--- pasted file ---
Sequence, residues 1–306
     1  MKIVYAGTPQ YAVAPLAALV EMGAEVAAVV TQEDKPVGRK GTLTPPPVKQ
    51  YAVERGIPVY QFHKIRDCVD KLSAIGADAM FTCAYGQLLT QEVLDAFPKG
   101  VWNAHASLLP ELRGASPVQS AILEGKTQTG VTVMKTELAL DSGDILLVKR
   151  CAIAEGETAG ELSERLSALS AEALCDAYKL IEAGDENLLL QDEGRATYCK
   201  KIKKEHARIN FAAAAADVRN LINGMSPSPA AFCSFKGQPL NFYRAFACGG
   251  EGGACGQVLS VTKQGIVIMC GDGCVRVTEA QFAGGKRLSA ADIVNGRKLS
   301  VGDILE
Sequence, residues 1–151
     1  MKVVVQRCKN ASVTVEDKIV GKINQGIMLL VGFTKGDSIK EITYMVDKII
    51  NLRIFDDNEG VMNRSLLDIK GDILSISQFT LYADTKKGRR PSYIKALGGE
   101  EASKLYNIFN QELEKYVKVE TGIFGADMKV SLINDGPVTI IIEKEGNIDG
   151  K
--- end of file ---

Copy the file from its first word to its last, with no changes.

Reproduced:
Sequence, residues 1–306
     1  MKIVYAGTPQ YAVAPLAALV EMGAEVAAVV TQEDKPVGRK GTLTPPPVKQ
    51  YAVERGIPVY QFHKIRDCVD KLSAIGADAM FTCAYGQLLT QEVLDAFPKG
   101  VWNAHASLLP ELRGASPVQS AILEGKTQTG VTVMKTELAL DSGDILLVKR
   151  CAIAEGETAG ELSERLSALS AEALCDAYKL IEAGDENLLL QDEGRATYCK
   201  KIKKEHARIN FAAAAADVRN LINGMSPSPA AFCSFKGQPL NFYRAFACGG
   251  EGGACGQVLS VTKQGIVIMC GDGCVRVTEA QFAGGKRLSA ADIVNGRKLS
   301  VGDILE
Sequence, residues 1–151
     1  MKVVVQRCKN ASVTVEDKIV GKINQGIMLL VGFTKGDSIK EITYMVDKII
    51  NLRIFDDNEG VMNRSLLDIK GDILSISQFT LYADTKKGRR PSYIKALGGE
   101  EASKLYNIFN QELEKYVKVE TGIFGADMKV SLINDGPVTI IIEKEGNIDG
   151  K